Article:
Back in 2016, the Lancet published an article stating that mephedrone-related deaths are on the rise in many countries, with death rates already nearly comparable to MDMA-related deaths. The strong addictive potential of mephedrone increases the risk of people being hospitalized in the future. According to data published in the journal Lancet Psychiatry, the younger the person, the higher the dose of mephedrone he or she took and the longer the mephedrone binge lasted.
The combination of new psychoactive substances has a negative effect on liver function. To date, there are no publications related to studies of liver enzyme levels involving mephedrone users. Only sporadic publications describe cases of acute liver failure after using synthetic cathinones.
One of the most common infections among users of various drugs is hepatitis C virus. According to statistics in the U.S., the prevalence in the population of active drug users ranges from 60% to 90%. Given that all cathinones (in particular mephedrone) have hepatotoxic effects, the presence of HCV infection in a person increases the risk of developing additional damage to the liver parenchyma several times.
There is no data in the literature on the effects of the consumption of NPSs (including mephedrone) with other psychoactive substances on the incidence of HCV infection. Only a single publication, namely the one from 2019, indicates that there is an increased risk of HCV infection in the group of patients injecting new psychoactive substances. However, this type of data is general and does not include tests focused on individual drugs taken with new psychoactive substances, i.e., their effects on the risk of HCV infection.
A review of the various literature suggests that the NPS combination only blurs the clinical picture. It is often the case that people who use mephedrone actually take a mixture in which the actual amount of mephedrone is negligible and the bulk of the powder consists of toxic impurities that could potentially have hepatotoxic effects.
Given that people who use mephedrone often combine it with other psychoactive substances (including sedative benzodiazepines), one of the main goals of the present study is to find out whether any of these combinations increase the risk of additional liver damage and how likely HCV infection is to occur when different drug combinations are used. Among other things, the goal is to see if there are differences in liver enzyme levels between a group of people who use mephedrone in conjunction with alcohol, heroin, or benzodiazepines (including in the absence of mephedrone). Also, we found out whether there is a significant interaction in the group of people with HCV infection (whether there is an effect on ALT and AST levels).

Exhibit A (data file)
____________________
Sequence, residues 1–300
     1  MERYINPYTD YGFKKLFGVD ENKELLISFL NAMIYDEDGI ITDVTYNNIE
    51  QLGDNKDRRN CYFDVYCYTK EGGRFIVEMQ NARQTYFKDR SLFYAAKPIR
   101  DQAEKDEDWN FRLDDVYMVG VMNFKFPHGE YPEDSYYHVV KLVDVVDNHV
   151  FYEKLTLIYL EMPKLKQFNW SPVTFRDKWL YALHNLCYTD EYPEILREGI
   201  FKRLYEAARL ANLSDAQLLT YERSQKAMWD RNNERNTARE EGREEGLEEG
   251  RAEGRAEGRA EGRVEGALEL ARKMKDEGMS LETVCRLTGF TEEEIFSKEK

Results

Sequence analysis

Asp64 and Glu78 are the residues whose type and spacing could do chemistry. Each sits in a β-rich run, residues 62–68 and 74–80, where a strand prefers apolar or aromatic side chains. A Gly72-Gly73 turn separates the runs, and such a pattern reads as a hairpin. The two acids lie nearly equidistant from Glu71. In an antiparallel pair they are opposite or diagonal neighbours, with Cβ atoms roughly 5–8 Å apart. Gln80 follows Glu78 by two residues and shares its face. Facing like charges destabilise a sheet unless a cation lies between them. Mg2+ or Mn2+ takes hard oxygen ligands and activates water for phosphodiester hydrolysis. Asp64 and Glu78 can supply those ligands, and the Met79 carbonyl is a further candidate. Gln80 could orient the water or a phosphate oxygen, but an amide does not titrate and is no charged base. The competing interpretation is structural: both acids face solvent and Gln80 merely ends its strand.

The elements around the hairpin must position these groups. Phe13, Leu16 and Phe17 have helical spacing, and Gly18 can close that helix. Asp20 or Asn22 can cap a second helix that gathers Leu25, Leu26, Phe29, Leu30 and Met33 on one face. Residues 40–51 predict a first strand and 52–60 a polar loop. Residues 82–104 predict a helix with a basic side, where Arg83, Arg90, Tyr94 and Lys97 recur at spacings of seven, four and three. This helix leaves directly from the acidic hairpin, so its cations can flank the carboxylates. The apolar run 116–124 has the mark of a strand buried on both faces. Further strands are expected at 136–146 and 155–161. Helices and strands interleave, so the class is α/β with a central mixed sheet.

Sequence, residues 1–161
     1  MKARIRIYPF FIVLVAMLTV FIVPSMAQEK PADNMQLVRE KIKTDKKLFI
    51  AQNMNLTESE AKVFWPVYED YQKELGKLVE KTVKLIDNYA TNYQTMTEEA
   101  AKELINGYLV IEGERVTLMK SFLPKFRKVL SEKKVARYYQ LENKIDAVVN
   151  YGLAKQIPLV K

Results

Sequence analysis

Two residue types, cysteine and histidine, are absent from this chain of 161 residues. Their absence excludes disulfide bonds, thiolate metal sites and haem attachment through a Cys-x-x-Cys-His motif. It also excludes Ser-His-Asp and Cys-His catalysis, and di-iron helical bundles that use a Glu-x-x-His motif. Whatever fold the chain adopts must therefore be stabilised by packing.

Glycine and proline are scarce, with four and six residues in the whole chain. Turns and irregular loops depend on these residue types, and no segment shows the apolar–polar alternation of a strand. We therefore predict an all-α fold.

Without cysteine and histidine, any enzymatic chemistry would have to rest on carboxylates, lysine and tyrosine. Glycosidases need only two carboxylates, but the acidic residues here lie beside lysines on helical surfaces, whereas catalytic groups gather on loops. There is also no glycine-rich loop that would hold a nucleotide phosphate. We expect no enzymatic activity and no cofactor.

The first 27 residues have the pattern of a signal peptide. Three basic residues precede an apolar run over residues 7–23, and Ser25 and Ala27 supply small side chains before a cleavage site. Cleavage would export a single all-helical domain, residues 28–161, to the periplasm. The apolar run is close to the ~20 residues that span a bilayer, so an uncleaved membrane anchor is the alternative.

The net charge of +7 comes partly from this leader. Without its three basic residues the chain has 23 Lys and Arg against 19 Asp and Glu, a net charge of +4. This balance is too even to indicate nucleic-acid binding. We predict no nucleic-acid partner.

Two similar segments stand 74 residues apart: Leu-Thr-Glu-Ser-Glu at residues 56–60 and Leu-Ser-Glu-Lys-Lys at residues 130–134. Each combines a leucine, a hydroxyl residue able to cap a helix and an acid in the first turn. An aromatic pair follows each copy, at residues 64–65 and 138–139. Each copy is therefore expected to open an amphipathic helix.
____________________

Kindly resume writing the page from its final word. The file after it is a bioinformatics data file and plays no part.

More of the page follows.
Design and method of experimentation
This study involved 330 patients who used mephedrone in conjunction with other psychoactive substances. The additional drugs were: alcohol, heroin and benzodiazepines. The comparison group consisted of 180 patients with alcohol addiction and 152 patients with benzodiazepine addiction. To put it in another way, the comparison concerned those not taking mephedrone, but addicted to alcohol, heroin, or benzodiazepines alone.
Alanine transaminase (ALT) and aspartate transaminase (AST) were measured in the compared groups of patients. Anti-HCV antibodies were measured in the six compared groups of patients, namely those addicted to alcohol, heroin, or benzodiazepines, as well as in groups taking mephedrone alongside these psychoactive substances. Genetic material (RNA) of HCV was examined to confirm current infection.
Results and discussion
Of the 330 patients, 34.8% combined the drug with alcohol alone, 25.8% with heroin, and 39.4% with benzodiazepines. Table 1 presents sociodemographic data for the study groups, identifying a significant association between the group and their gender and age. Table 2 shows data on the incidence of HCV infection in the compared patient groups; it is worth noting that there is a statistically significant relationship between the groups described. For example, the group using mephedrone together with alcohol had practically no HCV infection, in contrast to the group using mephedrone and heroin together. And in the group of benzodiazepine addicts, none of the patients were infected with HCV.
Table 3 shows us descriptive statistics of liver enzyme values. Patients addicted to heroin had significantly lower ALT levels compared to patients who used mephedrone. In the case of alcohol, no statistically significant differences were observed. Similar results are characteristic for AST values.